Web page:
*Post by Torben Ãgidius Mogensen*Tgs(e' gs) p e

= (Tgs(gs) p e)

^" o (List.filter (fn "^ p ^" => "^ e' ^" | _ => false))"

On second thought, the alternative part is not needed if we assume the

pattern p always matches, so it can be simplified to

Tgs(e' gs) p e

= (Tgs(gs) p e)

^" o (List.filter (fn "^ p ^" => "^ e' ^"))"

If, on the other hand, the pattern is not always guaranteed to match,

the right place to put the test would be where the pattern is

introduced, i.e, rewriting

*Post by Torben Ãgidius Mogensen*Tgs(p'<-e' gs) p e

= (Tgs(gs) ("("^ p ^","^ p' ^")") e)

^" o (List.concat o List.map (fn "^ p

^" => map (fn "^ p' ^" => (" ^ p ^","^ p' "))"^ e' ^"))"

to

*Post by Torben Ãgidius Mogensen*Tgs(p'<-e' gs) p e

= (Tgs(gs) ("("^ p ^","^ p' ^")") e)

^" o (List.concat o List.map (fn "^ p

^" => map (fn "^ p' ^" => (" ^ p ^","^ p' "))"^ e' ^"))"

Tgs(p'<-e' gs) p e

= (Tgs(gs) ("("^ p ^","^ p' ^")") e)

^" o let val l' = List.filter (fn "^ p' ^" => true | _ => false)" ^ e'

^"in fn l => List.concat (List.map (fn "^ p

^" => List.map (fn "^ p' ^" => (" ^ p ^","^ p' ")) l') l) end"

Note that this also prevents recomputation of e' for every element in

the input list, which the previos version did.

This talk of list comprehensions reminds me of an idea I had way back

for a similar syntactic sugar. The idea was to emulate pseudocode of

the form

f [x1,...,xn] = [e1,...,en]

where e1 would use x1 and so on.

A new form of pattern and expression is introduced:

Pat -> [ Pat ... ]

Exp -> [ Exp ... ]

Note the three dots to distinguish from [e..] expressions.

The idea is that [p...] is translated into a variable pattern x, where x

is a fresh variable and [e...] is translated into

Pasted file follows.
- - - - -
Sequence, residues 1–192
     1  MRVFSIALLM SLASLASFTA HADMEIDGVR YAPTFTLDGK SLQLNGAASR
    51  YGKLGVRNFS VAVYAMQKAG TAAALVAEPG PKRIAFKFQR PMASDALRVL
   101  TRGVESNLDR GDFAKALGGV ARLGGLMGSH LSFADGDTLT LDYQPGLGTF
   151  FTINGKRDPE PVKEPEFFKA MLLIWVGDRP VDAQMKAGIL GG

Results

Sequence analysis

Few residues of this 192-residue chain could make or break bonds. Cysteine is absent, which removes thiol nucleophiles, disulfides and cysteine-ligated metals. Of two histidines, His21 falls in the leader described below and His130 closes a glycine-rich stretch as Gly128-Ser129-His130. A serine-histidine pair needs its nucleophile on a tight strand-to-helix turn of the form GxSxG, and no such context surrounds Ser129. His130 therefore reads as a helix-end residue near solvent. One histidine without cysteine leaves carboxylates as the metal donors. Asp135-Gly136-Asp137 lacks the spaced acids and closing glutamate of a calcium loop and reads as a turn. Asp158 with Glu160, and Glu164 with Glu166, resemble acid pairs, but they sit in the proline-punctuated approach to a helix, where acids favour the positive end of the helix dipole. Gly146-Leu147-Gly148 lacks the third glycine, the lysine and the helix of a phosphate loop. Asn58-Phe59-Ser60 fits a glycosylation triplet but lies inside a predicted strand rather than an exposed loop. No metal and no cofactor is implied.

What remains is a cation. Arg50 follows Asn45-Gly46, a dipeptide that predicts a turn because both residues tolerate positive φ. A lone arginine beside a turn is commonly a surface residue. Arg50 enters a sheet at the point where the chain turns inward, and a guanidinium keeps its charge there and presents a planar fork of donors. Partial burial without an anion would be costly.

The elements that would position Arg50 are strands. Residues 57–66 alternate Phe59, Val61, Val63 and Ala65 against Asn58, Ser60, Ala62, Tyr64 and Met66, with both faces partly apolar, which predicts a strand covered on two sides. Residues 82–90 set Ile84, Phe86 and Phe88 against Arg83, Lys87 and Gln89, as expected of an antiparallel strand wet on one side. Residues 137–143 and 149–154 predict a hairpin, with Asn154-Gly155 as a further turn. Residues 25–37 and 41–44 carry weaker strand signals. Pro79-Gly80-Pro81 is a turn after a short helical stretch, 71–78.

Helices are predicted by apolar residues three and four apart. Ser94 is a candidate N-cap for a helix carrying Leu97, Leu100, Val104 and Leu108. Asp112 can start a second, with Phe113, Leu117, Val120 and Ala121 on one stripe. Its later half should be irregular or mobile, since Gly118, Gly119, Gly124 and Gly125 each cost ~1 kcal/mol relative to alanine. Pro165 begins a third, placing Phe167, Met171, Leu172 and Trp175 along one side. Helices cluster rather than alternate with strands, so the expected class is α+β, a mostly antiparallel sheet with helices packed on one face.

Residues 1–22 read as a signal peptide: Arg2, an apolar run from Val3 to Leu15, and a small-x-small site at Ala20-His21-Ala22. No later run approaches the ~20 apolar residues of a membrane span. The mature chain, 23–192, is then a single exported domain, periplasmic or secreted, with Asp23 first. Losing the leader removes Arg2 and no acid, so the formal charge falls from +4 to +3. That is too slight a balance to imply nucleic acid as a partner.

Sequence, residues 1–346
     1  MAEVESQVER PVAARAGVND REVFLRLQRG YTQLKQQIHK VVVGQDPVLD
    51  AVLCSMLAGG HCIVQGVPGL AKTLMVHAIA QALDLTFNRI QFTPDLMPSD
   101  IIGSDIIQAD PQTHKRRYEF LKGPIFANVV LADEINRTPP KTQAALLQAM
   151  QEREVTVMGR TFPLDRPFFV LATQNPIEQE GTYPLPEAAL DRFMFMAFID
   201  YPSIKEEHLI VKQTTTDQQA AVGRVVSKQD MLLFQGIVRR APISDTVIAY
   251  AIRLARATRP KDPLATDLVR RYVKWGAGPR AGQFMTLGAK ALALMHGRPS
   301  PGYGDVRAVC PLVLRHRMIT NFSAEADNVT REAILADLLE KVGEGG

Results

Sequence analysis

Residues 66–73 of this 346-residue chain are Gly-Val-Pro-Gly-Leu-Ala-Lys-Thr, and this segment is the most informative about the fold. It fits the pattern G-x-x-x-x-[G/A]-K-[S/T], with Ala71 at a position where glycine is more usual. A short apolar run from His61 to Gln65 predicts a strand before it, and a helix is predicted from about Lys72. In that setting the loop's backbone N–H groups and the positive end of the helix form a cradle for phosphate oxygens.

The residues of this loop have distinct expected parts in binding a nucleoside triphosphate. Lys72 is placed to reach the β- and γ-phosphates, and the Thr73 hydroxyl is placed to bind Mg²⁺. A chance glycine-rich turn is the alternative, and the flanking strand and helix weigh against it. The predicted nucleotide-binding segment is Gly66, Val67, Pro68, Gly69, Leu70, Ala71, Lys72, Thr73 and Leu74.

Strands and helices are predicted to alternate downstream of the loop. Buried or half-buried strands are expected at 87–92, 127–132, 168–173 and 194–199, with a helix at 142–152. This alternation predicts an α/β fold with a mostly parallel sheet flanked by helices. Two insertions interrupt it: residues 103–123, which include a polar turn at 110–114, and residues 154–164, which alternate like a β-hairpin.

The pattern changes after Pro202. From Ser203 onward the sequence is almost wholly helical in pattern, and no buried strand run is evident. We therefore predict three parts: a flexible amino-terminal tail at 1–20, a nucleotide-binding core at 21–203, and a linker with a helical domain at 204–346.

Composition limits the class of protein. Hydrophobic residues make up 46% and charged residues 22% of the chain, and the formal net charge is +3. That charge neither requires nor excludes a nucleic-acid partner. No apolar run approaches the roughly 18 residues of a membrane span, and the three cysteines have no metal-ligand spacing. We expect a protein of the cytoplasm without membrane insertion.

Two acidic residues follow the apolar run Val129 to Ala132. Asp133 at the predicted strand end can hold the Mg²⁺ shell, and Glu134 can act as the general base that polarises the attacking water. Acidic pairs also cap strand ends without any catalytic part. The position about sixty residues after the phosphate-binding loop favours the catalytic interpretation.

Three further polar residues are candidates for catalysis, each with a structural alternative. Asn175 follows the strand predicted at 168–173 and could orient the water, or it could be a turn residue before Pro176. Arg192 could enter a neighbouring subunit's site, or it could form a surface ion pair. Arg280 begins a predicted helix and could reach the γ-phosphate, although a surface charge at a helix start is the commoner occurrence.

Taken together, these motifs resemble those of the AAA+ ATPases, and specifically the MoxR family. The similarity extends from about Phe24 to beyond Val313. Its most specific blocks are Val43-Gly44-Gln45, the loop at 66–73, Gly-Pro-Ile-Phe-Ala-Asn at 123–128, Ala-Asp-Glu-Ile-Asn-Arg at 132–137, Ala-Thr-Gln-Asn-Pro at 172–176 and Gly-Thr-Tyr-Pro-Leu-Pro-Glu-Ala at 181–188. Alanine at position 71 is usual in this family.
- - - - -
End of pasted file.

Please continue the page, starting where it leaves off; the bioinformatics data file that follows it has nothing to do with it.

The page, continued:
map (\p->e) x

(using Haskell notation) where p is the pattern on the left side of the

equation. Example:

pmap f g [(x,y)...] = [(f x, g y)...]

is translated into

pmap f g xs = map (\x -> (f x, g y)) xs

As long as there is only one [p...] pattern on the left-hand side of an

equation, this is unambiguous, but what about functions of the form

map2 f [x...] [y...] = [f x y ...] ?

We could translate this in two ways:

map2 f xs ys = zipWith f xs ys

or

map2 f xs ys = [f x y | x<-xs, y<-ys]

Both of these make sense, so the choice is not obvious. It becomes even

more muddled if the right hand side uses x and y in different lists, as

in

funny [x...] [y...] = [x+x ...] ++ [y*y ...]

Here, it would seem more natural to translate this into

funny xs ys = map (\x->x+x) xs ++ map (\y->y*y) ys

There is also the matter of nested patterns to consider:

cmap f [[x...]...] = concat [[f x...]...]

It should be fairly obvious that not all cases make sense, such as

bad1 [[x...]...] = [x+1...]

bad2 [x...] [y...] = [1...]

In the first case, the nesting level on the RHS differs from the nesting

level on the LHS, and in the second case there is no way to see which of

the two LHS lists are wanted on the RHS. The latter might be solved by

using the list-comprehension interpretation:

bad2 xs ys = [1 | x<-xs, y<-ys]

as this uses both lists and, thus, avoids ambiguity. This would,

however, translate

funny [x...] [y...] = [x+x ...] ++ [y*y ...]

into

funny xs ys = [x+x | x<-xs, y<-ys] ++ [y*y | x<-xs, y<-ys]

which is not what you would expect.

I would suggest the following rule:

In an expression [e...], e can contain only variables from [p...]

patterns that are on the same nesting level on the LHS as [e...] is on

the RHS. Given that e contains variables from [p_1...] ... [p_n...],

[e...] is translated into zipWith_n (\(p_1,...,p_n)->e) x_1 ... x_n,

where x_i is the variable that replaced p_i and zipWith_n is an n-way

zipWith function.

So funny would be translated into

funny xs ys = zipWith_1 (\(x)->x+x) xs ++ zipWith_1 (\(y)->y*y)

which is the same as the first suggestion.

map2 would be translated using zipWith_2, which is the same as zipWith.

zipWith_1 is the same as map, but there is not obvious choice for

zipWith_0 (which would be used in the [1...] list in bad2). The type of

zipWith_0 would be (()->l)->[l], which can produce either the empty list

or a list of constant length with identical elements, neither of which

seem useful (both can be done more easily than with a ... expression).

So I would suggest making this an error, so the expression e in [e...]

should contain variables from at least one ... pattern.

Torben